Baseball Stadium Workers Not Owed Overtime

Kollman & Saucier
Kollman & Saucier

“Take me out to the ballgame

Take me out with the crowd

Buy me some peanuts and Cracker Jacks

I don’t care if I never get back…”

Since 1908 (incidentally, the last year a certain Chicago team won the World Series), baseball fans have regularly sung this anthem as part of the stadium experience.

What nobody could have anticipated at the time, however, was how to treat the employees who sell those peanuts, Cracker Jacks, and team-related gear.  Recently, in the midst of the playoffs, the Second Circuit clarified that stadium workers who provided concessions at Oriole Park are exempt from overtime under the FLSA as employees of an “amusement or recreational establishment.”  Hill v. Del. N. Cos. Sportservice, Inc., No. 15-2109 (2d Cir. 10/3/16).

As those who have been to Camden Yards in recent years may know, food and beverage sales had been handled by the ARAMARK Company until November 2010.  At that time, Maryland Sportservice, Inc., a subsidiary of Delaware North Companies (DNC) Sportservice, reached an agreement with the Baltimore Orioles Limited Partnership to provide concessions to Oriole Park.  (For legal purposes, Oriole Park is defined to include both the baseball stadium itself and the Warehouse building, along with the Eutaw Street walkway.)  Maryland Sportservice handles the concession stands inside the stadium and also manages the Orioles Team Store and Dempsey’s Brew Pub and Restaurant.

William Hill and Tanica Brown each worked for Maryland Sportservice for several months in 2011.  Bringing a lawsuit, they claimed that they were forced to work more than 40 hours each week but were illegally denied overtime.  Maryland Sportservice explained that it had classified Hill, Brown, and similarly situated employees as exempt seasonal employees under the “amusement or recreational establishment” exception.  See 29 U.S.C. § 213(a)(3).  The district court agreed with Maryland Sportservice and granted the company summary judgment.  Hill and Brown appealed.

The Second Circuit affirmed the district court’s decision, albeit on different grounds.  Finding the phrase “amusement or recreational establishment” ambiguous, the court observed that “[t]he food, drink, and merchandise that Maryland Sportservice sells at Oriole Park are predominately for baseball game attendees’ use and consumption as they watch the game, and they enhance the amusement or recreational value of watching the game.”  The court also drew from legislative history – specifically, Congress had stated in a 1961 House Report that “[t]hese establishments are typically those operated by concessionaires at amusement parks and beaches and are in operation for 6 months or less a year.”  This amusement-park-and-beach example was repeated in the FLSA regulations.  Thus, the court concluded, concessionaires may be amusement or recreational establishments even if they are distinct from the establishment (here, the baseball stadium) itself.  The court then defined concessionaires, for purposes of the exemption, as “establishments whose purpose is to sell goods and services on the premises of an amusement or recreational host facility to the host’s customers for their use or consumption on the host’s premises as they participate in the host’s amusement or recreational activities.”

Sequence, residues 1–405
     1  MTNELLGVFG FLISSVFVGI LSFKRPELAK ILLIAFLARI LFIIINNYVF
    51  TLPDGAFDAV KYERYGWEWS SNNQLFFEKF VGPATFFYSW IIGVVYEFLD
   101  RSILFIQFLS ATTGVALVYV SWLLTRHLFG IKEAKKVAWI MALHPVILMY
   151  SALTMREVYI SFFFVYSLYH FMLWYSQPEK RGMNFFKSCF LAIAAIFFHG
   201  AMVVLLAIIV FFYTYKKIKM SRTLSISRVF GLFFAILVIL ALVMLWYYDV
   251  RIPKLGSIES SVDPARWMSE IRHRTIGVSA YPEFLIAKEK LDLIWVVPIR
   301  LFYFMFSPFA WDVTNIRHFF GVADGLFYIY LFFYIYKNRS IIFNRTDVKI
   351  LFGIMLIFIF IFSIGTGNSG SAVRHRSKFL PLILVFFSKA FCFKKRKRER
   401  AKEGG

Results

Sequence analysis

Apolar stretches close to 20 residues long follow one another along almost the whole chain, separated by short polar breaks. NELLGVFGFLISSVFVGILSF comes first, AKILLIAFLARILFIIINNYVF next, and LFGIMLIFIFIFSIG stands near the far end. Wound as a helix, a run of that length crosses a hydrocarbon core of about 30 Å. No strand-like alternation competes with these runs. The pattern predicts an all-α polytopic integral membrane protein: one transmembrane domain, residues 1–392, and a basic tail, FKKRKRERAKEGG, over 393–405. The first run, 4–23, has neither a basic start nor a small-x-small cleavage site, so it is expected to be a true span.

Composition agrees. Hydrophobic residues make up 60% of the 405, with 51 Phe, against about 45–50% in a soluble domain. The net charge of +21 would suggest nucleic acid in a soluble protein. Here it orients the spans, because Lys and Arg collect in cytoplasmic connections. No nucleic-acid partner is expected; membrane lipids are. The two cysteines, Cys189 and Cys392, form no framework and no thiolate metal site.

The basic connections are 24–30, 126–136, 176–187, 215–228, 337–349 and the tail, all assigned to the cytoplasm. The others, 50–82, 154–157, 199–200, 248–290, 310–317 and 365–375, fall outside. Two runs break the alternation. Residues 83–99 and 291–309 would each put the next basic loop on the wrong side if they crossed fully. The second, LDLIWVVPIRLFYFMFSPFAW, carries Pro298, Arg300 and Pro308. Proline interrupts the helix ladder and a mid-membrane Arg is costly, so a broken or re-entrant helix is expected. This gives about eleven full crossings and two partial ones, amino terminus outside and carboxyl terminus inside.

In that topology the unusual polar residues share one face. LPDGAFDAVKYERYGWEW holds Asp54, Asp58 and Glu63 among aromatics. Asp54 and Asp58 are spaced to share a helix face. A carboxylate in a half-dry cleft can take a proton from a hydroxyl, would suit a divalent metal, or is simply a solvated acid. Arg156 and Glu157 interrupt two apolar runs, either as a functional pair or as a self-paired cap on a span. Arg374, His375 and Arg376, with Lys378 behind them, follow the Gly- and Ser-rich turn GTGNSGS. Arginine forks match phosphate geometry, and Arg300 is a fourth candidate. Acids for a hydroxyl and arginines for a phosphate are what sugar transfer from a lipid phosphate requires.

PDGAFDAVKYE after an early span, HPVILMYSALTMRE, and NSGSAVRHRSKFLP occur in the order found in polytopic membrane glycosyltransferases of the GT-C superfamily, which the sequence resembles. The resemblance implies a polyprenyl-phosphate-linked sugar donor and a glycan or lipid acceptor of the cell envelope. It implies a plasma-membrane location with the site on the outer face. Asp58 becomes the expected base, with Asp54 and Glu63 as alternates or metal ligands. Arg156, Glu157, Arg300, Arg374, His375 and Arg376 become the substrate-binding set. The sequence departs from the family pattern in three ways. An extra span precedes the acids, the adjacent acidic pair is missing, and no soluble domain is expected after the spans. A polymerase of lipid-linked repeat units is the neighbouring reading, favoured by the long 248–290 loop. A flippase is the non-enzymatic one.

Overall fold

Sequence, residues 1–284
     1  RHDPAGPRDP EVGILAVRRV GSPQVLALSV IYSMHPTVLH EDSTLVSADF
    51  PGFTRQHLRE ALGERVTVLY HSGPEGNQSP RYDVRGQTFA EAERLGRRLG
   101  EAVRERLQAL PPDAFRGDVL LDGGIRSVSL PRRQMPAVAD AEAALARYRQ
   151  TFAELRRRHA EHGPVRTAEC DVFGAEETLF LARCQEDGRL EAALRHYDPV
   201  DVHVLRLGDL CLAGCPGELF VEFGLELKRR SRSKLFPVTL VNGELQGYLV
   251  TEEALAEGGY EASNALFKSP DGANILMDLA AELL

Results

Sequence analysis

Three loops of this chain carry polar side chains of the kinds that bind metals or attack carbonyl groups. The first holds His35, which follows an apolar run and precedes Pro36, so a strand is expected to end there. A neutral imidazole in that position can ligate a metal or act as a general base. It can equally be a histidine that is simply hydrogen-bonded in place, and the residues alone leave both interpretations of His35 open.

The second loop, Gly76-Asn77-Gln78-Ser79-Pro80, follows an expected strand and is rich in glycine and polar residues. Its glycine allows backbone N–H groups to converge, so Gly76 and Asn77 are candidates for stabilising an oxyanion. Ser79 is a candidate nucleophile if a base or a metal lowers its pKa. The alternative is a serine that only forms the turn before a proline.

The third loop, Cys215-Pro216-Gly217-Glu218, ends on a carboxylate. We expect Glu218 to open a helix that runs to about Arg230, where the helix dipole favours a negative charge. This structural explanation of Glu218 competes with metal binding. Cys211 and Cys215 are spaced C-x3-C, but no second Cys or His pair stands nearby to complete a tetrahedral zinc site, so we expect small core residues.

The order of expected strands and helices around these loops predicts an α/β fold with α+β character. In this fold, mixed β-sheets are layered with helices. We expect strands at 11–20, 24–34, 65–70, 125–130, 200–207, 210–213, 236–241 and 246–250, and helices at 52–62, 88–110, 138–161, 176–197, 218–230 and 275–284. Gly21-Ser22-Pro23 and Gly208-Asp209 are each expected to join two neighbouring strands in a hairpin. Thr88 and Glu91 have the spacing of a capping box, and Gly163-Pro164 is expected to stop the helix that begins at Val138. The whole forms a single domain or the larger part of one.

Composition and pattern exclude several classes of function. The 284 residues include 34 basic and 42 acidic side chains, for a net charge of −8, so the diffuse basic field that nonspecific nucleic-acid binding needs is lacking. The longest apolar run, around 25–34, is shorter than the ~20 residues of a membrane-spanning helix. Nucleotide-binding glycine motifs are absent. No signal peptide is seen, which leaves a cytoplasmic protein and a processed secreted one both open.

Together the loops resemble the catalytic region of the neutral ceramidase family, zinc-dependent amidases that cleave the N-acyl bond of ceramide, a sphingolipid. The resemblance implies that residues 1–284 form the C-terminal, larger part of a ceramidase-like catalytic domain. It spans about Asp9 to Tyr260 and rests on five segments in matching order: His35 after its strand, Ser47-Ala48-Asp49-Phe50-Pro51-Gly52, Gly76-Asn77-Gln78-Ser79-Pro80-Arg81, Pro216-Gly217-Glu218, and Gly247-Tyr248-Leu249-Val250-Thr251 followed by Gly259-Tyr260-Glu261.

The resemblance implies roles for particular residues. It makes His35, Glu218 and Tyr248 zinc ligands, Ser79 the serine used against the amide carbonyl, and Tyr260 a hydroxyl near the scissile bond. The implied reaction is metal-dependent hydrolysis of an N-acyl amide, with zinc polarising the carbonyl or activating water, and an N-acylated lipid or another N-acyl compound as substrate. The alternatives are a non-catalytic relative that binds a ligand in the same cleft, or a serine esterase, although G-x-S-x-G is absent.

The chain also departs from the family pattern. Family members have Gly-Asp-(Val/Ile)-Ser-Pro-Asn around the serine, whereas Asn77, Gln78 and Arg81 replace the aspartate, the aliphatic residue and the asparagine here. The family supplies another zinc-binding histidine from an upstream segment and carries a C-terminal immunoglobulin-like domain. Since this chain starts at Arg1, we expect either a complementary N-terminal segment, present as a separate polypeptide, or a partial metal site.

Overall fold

Applying this definition, the court held that Maryland Sportservice’s operations made it a concessionaire.  The key, according to the court, was that the primary purpose of the business operations was “selling food, drink, and Orioles merchandise to customers of Oriole Park for their consumption and use as they participate in watching the baseball games held there.”

The court further held that Maryland Sportservice’s operations were sufficiently seasonal to qualify for the exemption.  An entity is exempt as an “amusement or recreational establishment” only “if (A) it does not operate for more than seven months in any calendar year” (the “operations test”) or “(B) during the preceding calendar year, its average receipts for any six months of such year were not more than 33 1/3 [%] of its average receipts for the other six months of such year” (the “receipts test”).  29 U.S.C. § 213(a)(3).

Acknowledging that Maryland Sportservice had over 600 employees during April-September (baseball season), and as few as 12 employees between October and March, the court nevertheless ruled that because customers did not need baseball tickets to go to Dempsey’s, for example, during the off-season, it could not be said that Maryland Sportservice was not operational during the off-season.

On the other hand, Maryland Sportservice passed the receipts test.  Even when combining the receipts of ARAMARK and Maryland Sportservice (because Maryland Sportservice started operations in November 2010), the least busy six months of 2010 (January-March, plus October-December) produced less than 5% of the total receipts that Maryland Sportservice earned during baseball season, i.e., well less than the 33 1/3% threshold.

As a result of the Court’s decision, baseball concessionaires at Oriole Park (and presumably at Great American Ball Park in Cincinnati and Progressive Field in Cleveland, where DNC Sportservice also operates) who work overtime are required to be paid . . . peanuts.


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